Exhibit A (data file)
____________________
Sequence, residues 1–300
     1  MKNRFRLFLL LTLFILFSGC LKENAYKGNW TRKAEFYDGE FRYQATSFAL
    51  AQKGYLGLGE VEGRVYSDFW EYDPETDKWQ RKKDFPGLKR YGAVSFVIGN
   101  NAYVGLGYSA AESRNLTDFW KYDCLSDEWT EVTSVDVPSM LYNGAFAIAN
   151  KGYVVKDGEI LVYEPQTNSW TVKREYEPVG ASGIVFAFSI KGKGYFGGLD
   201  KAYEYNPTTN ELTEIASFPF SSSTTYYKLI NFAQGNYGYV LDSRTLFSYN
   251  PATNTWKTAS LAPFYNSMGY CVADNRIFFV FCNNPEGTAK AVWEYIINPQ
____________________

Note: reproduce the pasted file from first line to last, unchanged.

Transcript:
Sequence, residues 1–300
     1  MKNRFRLFLL LTLFILFSGC LKENAYKGNW TRKAEFYDGE FRYQATSFAL
    51  AQKGYLGLGE VEGRVYSDFW EYDPETDKWQ RKKDFPGLKR YGAVSFVIGN
   101  NAYVGLGYSA AESRNLTDFW KYDCLSDEWT EVTSVDVPSM LYNGAFAIAN
   151  KGYVVKDGEI LVYEPQTNSW TVKREYEPVG ASGIVFAFSI KGKGYFGGLD
   201  KAYEYNPTTN ELTEIASFPF SSSTTYYKLI NFAQGNYGYV LDSRTLFSYN
   251  PATNTWKTAS LAPFYNSMGY CVADNRIFFV FCNNPEGTAK AVWEYIINPQ